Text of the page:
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Brazil Government Turns to Cartoons and Movies to Fight Slave Labor

Brazil has a serious problem of slave labor Brazil has a serious problem of slave labor

From a cartoon about child workers to an HBO mini series, Brazil is turning to television and social media to shed light on modern slavery and change attitudes through entertainment.

Prosecutors and judges are spending funds – seized from those who profit from modern slavery – on documentaries and movies in a drive to spark debate, engage with more people and bring to life the reality of slave labor in Brazil.

“Public opinion is fundamental,” said prosecutor Luiz Carlos Fabre, who brokered a deal between a production company and the Labor Prosecutor’s Office to part fund a series about slave labor for a major regional broadcaster, HBO Latin America.

“These issues need to be in the spotlight always,” said Fabre, whose office provided about 200,000 reais (US$ 53,100) for the upcoming series, which has yet to be given a release date.

With more than 40 million people enslaved worldwide, the entertainment industry has made a host of documentaries and films that explore life as a modern slave. But it is unorthodox for a government to commission content and detractors question the value of funding entertainment to educate.

Under Brazilian law, civil fines for labor violations and court convictions relating to public issues should be awarded to the victims or spent on helping the affected community.

Prosecutors and judges decide how to spend the funds, and have committed tens of thousands of dollars in recent years to anti-slavery screenplays.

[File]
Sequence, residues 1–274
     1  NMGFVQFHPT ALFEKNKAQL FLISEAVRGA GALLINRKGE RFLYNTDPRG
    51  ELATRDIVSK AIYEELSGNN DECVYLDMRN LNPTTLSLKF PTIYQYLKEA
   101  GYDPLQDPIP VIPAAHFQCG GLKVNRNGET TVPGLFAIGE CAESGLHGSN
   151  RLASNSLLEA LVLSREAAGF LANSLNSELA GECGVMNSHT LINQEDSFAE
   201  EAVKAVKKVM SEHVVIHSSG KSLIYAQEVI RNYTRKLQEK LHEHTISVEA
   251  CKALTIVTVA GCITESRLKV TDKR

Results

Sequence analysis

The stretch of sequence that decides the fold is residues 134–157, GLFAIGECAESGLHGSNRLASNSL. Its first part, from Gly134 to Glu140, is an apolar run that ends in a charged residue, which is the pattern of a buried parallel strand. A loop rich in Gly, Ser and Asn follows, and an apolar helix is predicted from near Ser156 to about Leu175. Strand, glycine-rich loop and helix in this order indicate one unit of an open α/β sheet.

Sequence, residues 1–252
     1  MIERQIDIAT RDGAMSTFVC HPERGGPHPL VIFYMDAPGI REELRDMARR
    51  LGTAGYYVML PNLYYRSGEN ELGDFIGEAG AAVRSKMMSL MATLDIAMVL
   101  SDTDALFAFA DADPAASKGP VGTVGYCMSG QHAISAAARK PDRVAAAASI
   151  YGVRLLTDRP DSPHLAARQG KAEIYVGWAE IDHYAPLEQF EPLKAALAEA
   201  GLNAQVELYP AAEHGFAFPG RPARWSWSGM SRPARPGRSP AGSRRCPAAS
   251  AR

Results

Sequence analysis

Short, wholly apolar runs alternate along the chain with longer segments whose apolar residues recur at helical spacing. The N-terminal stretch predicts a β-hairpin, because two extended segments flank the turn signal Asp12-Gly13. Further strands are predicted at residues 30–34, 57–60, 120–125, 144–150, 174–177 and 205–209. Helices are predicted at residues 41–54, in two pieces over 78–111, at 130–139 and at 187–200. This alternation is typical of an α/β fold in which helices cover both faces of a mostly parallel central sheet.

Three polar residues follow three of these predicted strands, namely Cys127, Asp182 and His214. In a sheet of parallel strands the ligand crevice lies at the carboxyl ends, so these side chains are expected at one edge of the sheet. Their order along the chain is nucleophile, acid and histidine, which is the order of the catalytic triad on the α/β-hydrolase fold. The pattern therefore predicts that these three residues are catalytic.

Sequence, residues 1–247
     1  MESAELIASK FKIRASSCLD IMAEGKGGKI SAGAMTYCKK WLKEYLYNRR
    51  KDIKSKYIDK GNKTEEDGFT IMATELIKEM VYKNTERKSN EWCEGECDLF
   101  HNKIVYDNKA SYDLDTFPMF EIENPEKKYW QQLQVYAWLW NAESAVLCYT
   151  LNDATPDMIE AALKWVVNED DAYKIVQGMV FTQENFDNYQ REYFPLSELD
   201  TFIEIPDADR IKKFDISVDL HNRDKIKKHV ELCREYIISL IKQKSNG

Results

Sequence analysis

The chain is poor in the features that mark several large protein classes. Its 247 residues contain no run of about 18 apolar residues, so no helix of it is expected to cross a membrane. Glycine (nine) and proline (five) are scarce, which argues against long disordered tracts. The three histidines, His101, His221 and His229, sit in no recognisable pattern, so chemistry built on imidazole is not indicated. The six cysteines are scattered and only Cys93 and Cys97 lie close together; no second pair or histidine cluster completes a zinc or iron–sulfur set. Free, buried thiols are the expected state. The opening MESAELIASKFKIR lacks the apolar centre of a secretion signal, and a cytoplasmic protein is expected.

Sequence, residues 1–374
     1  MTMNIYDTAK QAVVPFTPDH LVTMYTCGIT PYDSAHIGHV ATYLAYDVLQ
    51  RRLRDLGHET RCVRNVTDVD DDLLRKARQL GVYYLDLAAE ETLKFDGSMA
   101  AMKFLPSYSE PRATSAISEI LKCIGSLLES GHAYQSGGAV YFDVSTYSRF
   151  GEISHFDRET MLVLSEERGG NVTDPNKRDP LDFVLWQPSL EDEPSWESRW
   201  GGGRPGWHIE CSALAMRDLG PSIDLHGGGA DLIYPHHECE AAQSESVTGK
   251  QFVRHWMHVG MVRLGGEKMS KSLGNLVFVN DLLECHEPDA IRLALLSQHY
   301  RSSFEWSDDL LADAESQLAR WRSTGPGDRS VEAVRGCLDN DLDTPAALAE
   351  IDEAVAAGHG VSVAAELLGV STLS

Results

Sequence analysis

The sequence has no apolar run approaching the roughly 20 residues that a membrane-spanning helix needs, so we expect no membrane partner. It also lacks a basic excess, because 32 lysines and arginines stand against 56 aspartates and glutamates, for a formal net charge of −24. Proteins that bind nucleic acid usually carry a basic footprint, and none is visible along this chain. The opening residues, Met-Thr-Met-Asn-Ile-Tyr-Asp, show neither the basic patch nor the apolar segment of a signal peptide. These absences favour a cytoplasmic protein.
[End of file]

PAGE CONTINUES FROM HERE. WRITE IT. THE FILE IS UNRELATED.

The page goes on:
A short cartoon on the dangers of child labor was screened last month at a fair in Juina, a small city in Mato Grosso state – a region where prosecutors say child workers are not seen as a problem by the public. It was also shared across social media.

“We heard people say: better (for a child) to be working, than on the streets doing nothing,” said prosecutor Ludmila Pereira Araújo, so she used 92,000 reais (US$ 23,256) in labor fines to produce the cartoon, adapted from a comic book series.

“We made it to try and reach younger people that use social media heavily,” Araújo said.

Money No Object

Money gained through fines and court convictions has been used by prosecutors and judges to build hospital wings and immigrant centers, buy equipment for labor inspectors, and fund social enterprises that aim to do business and do good.

Yet a lack of spending guidelines worries some civil servants.

Jonatas Andrade, a judge with more than a decade of experience working in the state of Pará, said he felt more and more uneasy as the stash of money he managed kept growing.

“It would be pretentious on my part … to presume to know where to best spend it,” said Andrade, who consults with state officials and anti-slavery campaigners on how to use the money.

In 2015, he allocated 1 million reais (US$ 252,786) to fund the film “Pureza” – a real-life account of anti-slavery activist Pureza Lopes, who traveled Brazil in search of her son after learning that he had been enslaved on a farm in the rainforest.

The movie will be shown at international film festivals and in Brazilian cinemas over the next two years, according to Andrade, who said he hoped it would raise awareness.

In Brazil – whose government has rescued more than 53,000 people in slave-like conditions since 1995 – slavery is defined as forced labor, and also includes debt bondage, degrading work conditions and long hours that pose a health risk to workers.

President Jair Bolsonaro, who took office on a populist campaign targeting the opposition’s corruption and economic ineptitude, last month criticized Brazil’s labor laws and said the definition of slave labor “terrorized” bosses.

Screenplays with a message can be ineffectual without good planning and appropriate screenings, be it in schools, labor unions or regions rife with slavery, said Fred Lucio of ESPM Social, a consultancy promoting corporate social responsibility.

Otherwise, the film might win awards but touch nobody.

“Many times the government gives money…and has no further involvement,” said Lucio. “Then it’s just throwing public funds to waste.”

This article was produced by the Thomson Reuters Foundation. Visit them at http://www.thisisplace.org

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